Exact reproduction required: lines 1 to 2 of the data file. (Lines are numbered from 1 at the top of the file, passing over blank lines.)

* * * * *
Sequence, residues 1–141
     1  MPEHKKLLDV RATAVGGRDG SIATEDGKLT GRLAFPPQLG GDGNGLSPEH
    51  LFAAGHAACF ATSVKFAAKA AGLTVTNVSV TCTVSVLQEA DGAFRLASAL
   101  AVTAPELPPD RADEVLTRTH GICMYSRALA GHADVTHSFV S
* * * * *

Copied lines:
Sequence, residues 1–141
     1  MPEHKKLLDV RATAVGGRDG SIATEDGKLT GRLAFPPQLG GDGNGLSPEH